I would begin with the Thought Experiment described in this post as a way of gauging previous understanding of and attitudes towards Shakespeare. It gives the students a chance to pull Shakespeare into their own context as a student himself, and to find common ground with him. 

I would then use the exercises that follow (Exercises 1 to 4) in follow up sessions either as a series of warm ups in the following lessons or in an hour long introduction to Shakespeare as theatre. These will be released on the blog over the course of the week ahead.

It’s ok for this Thought Experiment to be a bit irreverent, particularly in the Australian context. Trust that students will come to love his plays through engagement with the gigging actor playwright rather than through having them help up as ‘high culture’.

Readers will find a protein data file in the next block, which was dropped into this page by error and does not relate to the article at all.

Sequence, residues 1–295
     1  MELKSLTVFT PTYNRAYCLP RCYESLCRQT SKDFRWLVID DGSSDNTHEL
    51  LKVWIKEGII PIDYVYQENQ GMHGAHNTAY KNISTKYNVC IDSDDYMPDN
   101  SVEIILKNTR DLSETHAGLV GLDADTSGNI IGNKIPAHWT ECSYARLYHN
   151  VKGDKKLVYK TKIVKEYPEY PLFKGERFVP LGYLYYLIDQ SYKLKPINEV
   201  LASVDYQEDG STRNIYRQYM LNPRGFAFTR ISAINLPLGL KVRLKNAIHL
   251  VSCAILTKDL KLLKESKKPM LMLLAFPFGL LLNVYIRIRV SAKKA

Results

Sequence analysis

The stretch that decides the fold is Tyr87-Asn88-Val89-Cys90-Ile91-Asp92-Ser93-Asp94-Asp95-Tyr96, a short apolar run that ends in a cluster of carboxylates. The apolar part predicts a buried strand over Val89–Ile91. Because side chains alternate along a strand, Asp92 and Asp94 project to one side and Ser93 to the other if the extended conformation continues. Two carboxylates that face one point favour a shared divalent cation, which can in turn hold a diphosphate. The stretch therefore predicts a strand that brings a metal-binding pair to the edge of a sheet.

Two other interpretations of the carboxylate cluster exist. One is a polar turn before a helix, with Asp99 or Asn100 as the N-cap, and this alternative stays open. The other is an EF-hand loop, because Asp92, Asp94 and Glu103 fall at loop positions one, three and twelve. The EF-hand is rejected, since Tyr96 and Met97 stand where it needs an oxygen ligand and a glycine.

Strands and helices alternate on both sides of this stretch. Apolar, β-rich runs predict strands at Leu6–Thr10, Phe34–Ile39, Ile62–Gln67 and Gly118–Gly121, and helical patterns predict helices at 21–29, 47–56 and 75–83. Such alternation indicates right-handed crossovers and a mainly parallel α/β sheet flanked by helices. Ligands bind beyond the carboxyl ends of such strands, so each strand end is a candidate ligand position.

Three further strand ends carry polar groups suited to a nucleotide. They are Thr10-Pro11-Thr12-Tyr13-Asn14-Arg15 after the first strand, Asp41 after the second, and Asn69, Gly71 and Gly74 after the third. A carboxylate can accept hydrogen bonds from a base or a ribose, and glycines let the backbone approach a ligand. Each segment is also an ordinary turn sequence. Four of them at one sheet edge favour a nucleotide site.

When should I use this exercise?

This exercise is designed to be used as a pre-learning activity to gauge the understanding and attitudes of the students towards Shakespeare.

How can I adapt this to my classroom space?

This exercise works well in any space, with or without desks. See the adaptation suggested at Step 3 if necessary. 

Step by Step Instructions:

Step 1:

Show the class a photo of Shakespeare’s classroom at King Edward VI School in Stratford-upon-Avon. (Here is one I took in 2013.) You may like to discuss some of the features of the classroom. It’s not clear in this photo but these desks have names and graffiti carved into the soft wood, the mark of students over many years. In Shakespeare’s time it’s thought that the arrangement would have instead be two benches along the side walls, facing one another.

Step 2: